A new, highly permeable carbon capture membrane developed by scientists from the U.S. Department of Energy’s Lawrence Berkeley National Laboratory (Berkeley Lab) could lead to more efficient ways of separating carbon dioxide from power plant exhaust, preventing the greenhouse gas from entering the atmosphere and contributing to climate change.
The researchers focused on a hybrid membrane that is part polymer and part metal-organic framework, which is a porous three-dimensional crystal with a large internal surface area that can absorb enormous quantities of molecules.
In a first, the scientists engineered the membrane so that carbon dioxide molecules can travel through it via two distinct channels. Molecules can travel through the polymer component of the membrane, like they do in conventional gas-separation membranes. Or molecules can flow through “carbon dioxide highways” created by adjacent metal-organic frameworks.
Initial tests show this two-route approach makes the hybrid membrane eight times more carbon dioxide permeable than membranes composed only of the polymer. Boosting carbon dioxide permeability is a big goal in efforts to develop carbon capture materials that are energy efficient and cost competitive.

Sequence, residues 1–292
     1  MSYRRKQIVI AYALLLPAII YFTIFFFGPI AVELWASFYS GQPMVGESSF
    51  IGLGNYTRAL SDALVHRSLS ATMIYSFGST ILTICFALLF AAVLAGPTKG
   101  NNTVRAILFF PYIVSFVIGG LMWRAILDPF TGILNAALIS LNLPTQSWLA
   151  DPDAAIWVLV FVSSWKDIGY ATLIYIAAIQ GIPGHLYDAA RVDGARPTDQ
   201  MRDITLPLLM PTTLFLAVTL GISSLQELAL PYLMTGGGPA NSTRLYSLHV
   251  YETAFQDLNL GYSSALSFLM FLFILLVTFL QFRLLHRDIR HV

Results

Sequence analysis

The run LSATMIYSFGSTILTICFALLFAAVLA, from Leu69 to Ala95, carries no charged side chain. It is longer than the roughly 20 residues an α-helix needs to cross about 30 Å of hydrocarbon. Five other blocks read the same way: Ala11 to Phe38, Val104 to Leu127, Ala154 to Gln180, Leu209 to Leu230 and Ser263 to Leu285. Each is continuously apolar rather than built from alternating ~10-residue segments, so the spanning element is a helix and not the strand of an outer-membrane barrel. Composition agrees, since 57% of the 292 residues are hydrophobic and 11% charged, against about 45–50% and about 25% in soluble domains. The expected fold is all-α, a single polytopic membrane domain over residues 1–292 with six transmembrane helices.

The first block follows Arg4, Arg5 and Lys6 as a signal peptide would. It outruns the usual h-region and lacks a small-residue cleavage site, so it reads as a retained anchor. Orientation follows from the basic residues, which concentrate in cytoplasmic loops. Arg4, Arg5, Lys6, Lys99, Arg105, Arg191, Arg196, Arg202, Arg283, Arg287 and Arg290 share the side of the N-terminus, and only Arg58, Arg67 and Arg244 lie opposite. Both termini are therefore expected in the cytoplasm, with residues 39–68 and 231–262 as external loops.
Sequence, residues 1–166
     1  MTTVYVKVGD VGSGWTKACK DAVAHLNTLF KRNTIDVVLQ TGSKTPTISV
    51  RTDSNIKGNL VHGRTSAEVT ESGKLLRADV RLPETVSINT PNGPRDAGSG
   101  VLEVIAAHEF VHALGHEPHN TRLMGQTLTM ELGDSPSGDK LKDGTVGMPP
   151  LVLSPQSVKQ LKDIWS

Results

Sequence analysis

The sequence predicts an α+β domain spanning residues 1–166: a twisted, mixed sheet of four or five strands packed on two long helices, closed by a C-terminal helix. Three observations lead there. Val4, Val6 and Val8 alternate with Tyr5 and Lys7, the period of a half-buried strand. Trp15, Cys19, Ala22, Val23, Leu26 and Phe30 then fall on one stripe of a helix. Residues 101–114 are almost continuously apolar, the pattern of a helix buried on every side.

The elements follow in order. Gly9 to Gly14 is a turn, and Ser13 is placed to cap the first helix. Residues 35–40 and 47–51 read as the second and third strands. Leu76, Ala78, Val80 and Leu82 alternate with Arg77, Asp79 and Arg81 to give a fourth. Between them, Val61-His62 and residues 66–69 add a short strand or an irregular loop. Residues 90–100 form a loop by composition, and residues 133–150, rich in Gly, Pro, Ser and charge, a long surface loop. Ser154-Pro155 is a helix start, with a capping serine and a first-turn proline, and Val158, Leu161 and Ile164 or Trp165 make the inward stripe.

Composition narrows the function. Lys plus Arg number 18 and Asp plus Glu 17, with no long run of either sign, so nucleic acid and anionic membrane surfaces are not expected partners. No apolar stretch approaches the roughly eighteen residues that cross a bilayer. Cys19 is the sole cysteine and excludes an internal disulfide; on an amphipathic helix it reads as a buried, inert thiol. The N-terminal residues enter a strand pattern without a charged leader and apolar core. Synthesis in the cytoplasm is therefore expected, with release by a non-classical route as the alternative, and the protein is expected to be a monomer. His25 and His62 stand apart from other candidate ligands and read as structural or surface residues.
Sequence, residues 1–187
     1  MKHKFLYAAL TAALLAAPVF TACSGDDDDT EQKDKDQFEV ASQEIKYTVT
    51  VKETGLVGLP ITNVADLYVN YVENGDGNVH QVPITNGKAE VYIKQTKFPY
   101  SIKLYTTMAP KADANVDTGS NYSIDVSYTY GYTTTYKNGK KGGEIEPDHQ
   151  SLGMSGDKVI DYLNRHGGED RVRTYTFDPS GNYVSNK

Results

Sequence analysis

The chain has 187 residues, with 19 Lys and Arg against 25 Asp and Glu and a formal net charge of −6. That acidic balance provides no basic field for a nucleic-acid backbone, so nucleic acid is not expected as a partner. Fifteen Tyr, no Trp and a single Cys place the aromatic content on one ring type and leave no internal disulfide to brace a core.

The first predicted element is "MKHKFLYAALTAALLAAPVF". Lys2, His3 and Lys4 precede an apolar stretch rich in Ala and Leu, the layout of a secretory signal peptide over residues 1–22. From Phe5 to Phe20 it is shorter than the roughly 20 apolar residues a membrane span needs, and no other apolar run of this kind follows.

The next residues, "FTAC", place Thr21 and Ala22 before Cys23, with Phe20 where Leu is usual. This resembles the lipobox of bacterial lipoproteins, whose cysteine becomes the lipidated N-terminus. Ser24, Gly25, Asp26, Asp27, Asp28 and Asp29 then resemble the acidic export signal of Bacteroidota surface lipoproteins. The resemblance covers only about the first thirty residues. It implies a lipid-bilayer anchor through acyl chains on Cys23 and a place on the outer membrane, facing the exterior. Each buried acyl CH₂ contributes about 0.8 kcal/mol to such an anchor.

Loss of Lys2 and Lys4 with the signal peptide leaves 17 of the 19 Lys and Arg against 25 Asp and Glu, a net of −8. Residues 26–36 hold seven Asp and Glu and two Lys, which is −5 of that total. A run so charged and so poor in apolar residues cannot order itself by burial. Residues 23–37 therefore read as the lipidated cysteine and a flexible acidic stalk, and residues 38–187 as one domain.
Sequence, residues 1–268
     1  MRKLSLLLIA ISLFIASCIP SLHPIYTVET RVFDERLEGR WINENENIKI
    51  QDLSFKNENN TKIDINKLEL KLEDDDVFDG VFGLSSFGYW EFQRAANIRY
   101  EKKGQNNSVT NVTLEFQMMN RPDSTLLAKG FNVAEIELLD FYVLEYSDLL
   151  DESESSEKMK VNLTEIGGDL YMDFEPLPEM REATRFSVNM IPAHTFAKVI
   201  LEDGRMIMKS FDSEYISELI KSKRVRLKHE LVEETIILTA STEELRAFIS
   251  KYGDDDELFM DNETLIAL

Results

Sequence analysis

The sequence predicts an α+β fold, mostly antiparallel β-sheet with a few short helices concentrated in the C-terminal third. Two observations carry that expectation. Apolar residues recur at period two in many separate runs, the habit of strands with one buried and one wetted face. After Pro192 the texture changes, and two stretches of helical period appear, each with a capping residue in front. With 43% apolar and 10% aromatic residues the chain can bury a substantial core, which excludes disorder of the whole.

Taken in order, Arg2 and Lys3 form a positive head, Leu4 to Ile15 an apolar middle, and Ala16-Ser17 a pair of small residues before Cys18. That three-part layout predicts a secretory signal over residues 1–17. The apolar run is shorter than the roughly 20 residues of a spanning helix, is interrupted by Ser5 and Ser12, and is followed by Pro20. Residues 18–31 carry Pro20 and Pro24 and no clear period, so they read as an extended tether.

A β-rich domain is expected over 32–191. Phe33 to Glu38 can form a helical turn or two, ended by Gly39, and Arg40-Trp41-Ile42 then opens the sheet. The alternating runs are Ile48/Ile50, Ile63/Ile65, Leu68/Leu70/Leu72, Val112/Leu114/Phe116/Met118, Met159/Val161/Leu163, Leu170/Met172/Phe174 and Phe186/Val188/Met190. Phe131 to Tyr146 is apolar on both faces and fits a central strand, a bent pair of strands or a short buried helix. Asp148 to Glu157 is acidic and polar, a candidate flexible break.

The research is the cover article of the March issue of the journal Energy & Environmental Science. “In our membrane, some CO2 molecules get an express ride through the highways formed by metal-organic frameworks, while others take the polymer pathway. This new approach will enable the design of higher performing gas separation membranes,” says Norman Su, a graduate student in the Chemical and Biomolecular Engineering Department at UC Berkeley and a user at the Molecular Foundry.
He conducted the research with Jeff Urban, Facility Director of the Inorganic Nanostructures Facility at the Molecular Foundry, and a team of scientists that included staff at the Advanced Light Source.
Via Dr. Stefan Gruenwald, THE *OFFICIAL ANDREASCY*